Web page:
The recent Conference on the Kent Test and Admission to Grammar Schools in Kent which took place at County Hall Maidstone on Wednesday, was a great success, with those attending including: primary and grammar school representatives and headteachers, parents, school governors, appeal presenting officers and panellists, tutors and media representatives.
The Conference was set up to focus on five themes: the New Kent Test, sat earlier this month for the second time; alternatives to the Test, with five Kent grammar schools now setting their own tests as an additional way of qualifying for grammar school; how primary schools approach the Kent Test and the controversial issue of coaching; appeals to grammar schools; and the range of expectations of standards for admission to Kent grammar schools. The four speakers, myself included, gave presentations that covered all these issues between them, and you will find a copy of my own presentation here, with coverage by Kent on Sunday here.
Matthew Bartlett at Kent Test Conference
photo courtesy of Kent on Sunday
Interestingly, and topically there was considerable emphasis placed on opening grammar school admissions to a wider social profile, given the announcement by KCC the day after the Conference that they were setting up a commission for this very purpose. Matthew Bartlett, head of Dover Grammar School for Girls, underlined this theme by talking about how the alternative Dover Test had widened opportunities for local girls, a school with 10% Free School Meals, whilst still producing some of the best examination results in the county.......
In answer to questions, I criticised some media stories that claimed there will be a shortage of around 1500 grammar school places across the county in 2016. This is false scaremonging as it was based on there being 16,956 out of county children who had passed the test, completely ignoring the fact that only about a quarter of these finally take up Kent grammar school places each year. Whilst there is pressure on some schools, the fact remains that there were still at least seven Kent grammar schools with vacancies last month, in all parts of the county apart from West Kent.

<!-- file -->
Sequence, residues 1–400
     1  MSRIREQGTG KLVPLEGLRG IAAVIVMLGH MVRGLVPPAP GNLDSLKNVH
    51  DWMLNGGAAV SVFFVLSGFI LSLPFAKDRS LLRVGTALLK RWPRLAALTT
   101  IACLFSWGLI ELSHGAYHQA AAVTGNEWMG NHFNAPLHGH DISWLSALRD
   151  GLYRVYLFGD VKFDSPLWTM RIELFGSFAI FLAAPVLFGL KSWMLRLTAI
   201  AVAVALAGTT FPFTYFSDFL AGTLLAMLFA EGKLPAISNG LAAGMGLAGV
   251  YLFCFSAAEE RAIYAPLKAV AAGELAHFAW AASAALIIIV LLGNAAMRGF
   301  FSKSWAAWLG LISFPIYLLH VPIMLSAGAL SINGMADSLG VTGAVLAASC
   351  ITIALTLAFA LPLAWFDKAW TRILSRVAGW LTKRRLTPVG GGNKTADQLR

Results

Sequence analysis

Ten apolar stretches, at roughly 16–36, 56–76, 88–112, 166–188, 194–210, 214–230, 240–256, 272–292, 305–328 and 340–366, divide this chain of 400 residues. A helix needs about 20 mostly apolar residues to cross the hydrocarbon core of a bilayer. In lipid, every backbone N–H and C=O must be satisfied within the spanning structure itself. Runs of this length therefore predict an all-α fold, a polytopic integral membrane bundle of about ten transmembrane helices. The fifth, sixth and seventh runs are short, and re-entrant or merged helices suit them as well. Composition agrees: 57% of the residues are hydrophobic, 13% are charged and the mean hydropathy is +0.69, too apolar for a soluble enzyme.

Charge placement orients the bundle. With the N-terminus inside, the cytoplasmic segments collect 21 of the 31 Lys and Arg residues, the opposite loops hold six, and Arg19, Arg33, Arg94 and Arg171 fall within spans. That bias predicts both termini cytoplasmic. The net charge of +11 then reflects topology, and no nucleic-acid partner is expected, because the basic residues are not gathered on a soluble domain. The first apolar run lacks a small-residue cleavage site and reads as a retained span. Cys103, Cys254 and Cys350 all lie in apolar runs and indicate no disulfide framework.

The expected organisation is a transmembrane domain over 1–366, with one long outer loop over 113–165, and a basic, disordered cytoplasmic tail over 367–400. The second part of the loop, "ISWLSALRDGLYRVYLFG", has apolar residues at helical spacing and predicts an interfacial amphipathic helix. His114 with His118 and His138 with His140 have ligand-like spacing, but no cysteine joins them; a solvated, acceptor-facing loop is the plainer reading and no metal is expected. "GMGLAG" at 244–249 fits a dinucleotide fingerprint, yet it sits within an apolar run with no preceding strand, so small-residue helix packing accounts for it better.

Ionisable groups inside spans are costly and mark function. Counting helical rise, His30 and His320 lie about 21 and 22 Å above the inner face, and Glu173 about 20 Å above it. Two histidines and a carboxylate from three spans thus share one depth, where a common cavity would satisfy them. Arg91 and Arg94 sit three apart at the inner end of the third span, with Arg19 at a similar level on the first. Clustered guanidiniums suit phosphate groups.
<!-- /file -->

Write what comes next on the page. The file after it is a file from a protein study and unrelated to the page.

Dover Grammar School for Girls is just one of five Kent Grammars, offering their own tests, the others being Dover Grammar Girls, Harvey Grammar and Folkestone School for Girls, and Mayfield Grammar in Gravesend. All serve areas where there is considerable social deprivation and see the alternative tests as a way to identify children of grammar school ability who would otherwise slip through the net. Matthew's presentation focused on the importance on having a culture in the school that ensured each of the girls admitted to the school achieved their full academic potential, the excellent results fully justifying this alternative approach to selection.
A Primary School Perspective
Emma Hickling, Executive Head of three primary schools in Maidstone talked about a primary school perspective on admission to grammar school, and opened up a fascinating debate about the rules surrounding 11 plus preparation in state schools, which is banned by KCC. This automatically places state school pupils at a direct disadvantage to those in private schools, some of whose reason for existence is to deliver success in the Kent Test. Questions were asked about the practice of many primary schools to offer booster lessons or sessions with similar titles, to prepare their children for higher levels in their SATs, which often had the spin-off of effectively preparing for the Kent Test, and there was some discussion of the validity of this. KCC in its documentation to schools states that if coaching takes place then pupils may be banned from taking the Test, a threat I believe is unsustainable, but nevertheless is very effective! This is compounded by some schools whose leadership is opposed to grammar schools and offer no support or advice at all to potential applicants or their parents. By contrast, Emma's description of the constructive way children in her schools were objectively advised about grammar school admissions and then fully supported to the extent of the headteacher attending grammar school appeals where they considered this an appropriate placement is surely an excellent model of good practice.